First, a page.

Stainless Staining: The Music of Donnacha Dennehy

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The final entry of pianist Lisa Moore’s three-part EP series may be its most listenable. It's certainly its most mesmerizing. Each EP has approached the piano in a wildly different fashion, offering Moore the opportunity to display every angle of her versatile chops.

2009’s “Seven” features the jazz and gospel-tinged compositions of Bronx-based clarinetist and composer Don Byron. 2011’s “Lighting Slingers and Dead Ringers,” by composer Annie Gosfield, colors pinging prepared piano with gauzy synth distortion and digital blips.

With "Stainless Staining," Moore takes on two works by Irish composer Donnacha Dennehy that pull the pianist into uncharted waters. Equal parts texture and pulse, and built on hypnotic rhythmic repetitions, the music pendulums between active and passive listening. The title track, written specifically for Moore, pairs solo piano with a soundtrack of recorded and (sometimes) manipulated samples taken from a piano retuned so that it produces 100 overtones based on a low G# fundamental (the struck pitch). A seamless, propulsive blend of (wo)man and machine, the piece reflects Dennehy’s newfound fascination with the rhythmic pulsing of the overtone series.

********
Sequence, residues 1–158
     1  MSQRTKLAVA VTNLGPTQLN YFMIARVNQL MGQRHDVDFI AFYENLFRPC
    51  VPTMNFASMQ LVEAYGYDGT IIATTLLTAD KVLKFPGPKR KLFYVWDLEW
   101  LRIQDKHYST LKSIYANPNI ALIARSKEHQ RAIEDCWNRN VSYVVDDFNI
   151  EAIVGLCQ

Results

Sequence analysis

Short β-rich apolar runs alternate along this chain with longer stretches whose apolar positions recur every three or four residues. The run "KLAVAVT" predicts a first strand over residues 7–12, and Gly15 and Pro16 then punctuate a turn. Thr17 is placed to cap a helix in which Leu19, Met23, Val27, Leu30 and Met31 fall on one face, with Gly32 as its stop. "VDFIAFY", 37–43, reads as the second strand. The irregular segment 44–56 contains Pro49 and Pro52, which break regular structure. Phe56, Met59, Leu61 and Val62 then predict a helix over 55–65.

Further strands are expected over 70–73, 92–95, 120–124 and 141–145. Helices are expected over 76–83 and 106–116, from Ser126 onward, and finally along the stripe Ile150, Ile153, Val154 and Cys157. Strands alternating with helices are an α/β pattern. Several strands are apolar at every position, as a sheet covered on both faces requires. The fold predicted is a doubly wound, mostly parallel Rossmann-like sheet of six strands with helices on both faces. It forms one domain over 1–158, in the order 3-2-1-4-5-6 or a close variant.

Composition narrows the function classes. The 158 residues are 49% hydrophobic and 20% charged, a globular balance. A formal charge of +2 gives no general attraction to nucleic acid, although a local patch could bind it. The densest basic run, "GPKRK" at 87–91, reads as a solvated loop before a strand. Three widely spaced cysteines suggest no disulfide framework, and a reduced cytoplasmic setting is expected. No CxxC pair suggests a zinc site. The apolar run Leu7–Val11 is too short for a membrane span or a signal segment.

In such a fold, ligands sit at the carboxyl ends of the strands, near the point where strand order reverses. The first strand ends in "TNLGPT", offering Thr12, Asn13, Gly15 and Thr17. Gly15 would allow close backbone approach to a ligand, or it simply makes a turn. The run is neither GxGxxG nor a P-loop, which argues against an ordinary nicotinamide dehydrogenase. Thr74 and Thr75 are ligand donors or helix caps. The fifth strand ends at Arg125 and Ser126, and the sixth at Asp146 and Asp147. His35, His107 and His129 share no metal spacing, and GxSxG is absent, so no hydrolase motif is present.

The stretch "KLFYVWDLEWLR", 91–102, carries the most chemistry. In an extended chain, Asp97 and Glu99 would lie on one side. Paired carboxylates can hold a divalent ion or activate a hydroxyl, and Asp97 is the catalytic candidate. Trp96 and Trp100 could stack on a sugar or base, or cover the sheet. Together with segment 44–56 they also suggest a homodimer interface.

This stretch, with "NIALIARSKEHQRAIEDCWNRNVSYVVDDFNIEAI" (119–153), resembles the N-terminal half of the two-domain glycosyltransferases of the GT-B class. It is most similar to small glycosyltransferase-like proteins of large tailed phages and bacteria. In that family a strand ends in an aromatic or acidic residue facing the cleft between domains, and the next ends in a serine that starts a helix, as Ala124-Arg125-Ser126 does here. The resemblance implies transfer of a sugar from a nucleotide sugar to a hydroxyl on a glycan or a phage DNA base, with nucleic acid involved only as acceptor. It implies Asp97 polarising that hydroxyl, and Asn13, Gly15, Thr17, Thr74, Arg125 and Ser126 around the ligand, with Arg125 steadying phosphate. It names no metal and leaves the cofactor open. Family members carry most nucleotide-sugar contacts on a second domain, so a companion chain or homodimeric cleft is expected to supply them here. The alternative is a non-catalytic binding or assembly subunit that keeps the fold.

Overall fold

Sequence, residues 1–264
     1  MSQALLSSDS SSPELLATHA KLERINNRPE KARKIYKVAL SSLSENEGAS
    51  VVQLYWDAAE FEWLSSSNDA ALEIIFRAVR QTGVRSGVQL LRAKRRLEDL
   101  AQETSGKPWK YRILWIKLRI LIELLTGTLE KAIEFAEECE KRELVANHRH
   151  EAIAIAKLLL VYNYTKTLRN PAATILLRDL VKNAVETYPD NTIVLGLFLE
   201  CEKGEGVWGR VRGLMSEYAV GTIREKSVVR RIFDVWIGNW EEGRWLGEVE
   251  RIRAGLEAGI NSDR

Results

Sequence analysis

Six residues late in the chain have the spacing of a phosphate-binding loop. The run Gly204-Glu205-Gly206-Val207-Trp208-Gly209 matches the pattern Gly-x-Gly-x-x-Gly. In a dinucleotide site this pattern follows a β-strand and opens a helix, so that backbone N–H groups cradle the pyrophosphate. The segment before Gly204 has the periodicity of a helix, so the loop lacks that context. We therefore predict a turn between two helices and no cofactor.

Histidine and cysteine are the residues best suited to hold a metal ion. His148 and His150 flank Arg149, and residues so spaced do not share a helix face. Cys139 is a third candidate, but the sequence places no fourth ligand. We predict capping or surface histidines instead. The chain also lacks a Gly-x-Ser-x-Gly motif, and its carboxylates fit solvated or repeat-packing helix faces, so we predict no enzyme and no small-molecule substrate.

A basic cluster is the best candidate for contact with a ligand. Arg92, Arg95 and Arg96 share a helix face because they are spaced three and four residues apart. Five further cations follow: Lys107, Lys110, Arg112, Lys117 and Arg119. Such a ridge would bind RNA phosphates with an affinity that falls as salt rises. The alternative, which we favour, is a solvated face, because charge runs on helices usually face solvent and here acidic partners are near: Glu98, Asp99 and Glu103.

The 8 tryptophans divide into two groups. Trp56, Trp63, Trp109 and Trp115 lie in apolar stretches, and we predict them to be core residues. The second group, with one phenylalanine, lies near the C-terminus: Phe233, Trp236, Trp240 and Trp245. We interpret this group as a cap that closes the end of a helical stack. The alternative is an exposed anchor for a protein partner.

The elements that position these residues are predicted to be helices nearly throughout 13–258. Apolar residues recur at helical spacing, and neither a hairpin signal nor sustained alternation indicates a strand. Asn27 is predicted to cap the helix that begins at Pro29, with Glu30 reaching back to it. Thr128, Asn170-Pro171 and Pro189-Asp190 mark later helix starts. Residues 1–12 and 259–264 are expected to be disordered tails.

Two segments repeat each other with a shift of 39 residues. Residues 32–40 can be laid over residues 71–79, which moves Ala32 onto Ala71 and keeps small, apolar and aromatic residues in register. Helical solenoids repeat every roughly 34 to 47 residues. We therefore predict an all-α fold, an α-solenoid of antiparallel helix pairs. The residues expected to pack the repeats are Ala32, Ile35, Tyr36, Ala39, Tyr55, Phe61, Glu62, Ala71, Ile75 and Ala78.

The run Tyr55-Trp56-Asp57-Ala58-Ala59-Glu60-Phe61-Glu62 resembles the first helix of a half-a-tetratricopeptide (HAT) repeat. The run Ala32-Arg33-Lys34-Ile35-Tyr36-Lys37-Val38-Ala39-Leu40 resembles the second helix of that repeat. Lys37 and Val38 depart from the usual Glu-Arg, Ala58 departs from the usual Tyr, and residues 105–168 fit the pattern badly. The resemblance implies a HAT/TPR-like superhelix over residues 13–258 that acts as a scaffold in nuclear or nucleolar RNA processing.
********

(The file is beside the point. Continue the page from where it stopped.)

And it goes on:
The second piece on the EP is Dennehy’s 2007 work Reservoir. In the liner notes, the composer compares the piece to a Bill Morrison video in which a naked man is gradually submerged in water. The similarity was unintentional, but it’s easy to hear in the first half of the composition, which begins with high staccato piano notes that mimic incessant droplets of water. As the music progresses, the single notes become clustered double-stops as gentle, minimalist chords pool beneath. The piece becomes even more water-like in its second half with dissonances and rhythms blurring together over a depressed sustain pedal, climbing in register over fortissimo explosions of low-end clusters.

Headiness and allegory aside, the music on "Stainless Staining" constitutes an accessible and compelling EP. Packed with subtleties that become increasingly apparent with each repeated listen, it's a fitting and memorable close to a trilogy that illuminates the multidimensional virtuosity of Moore's playing.


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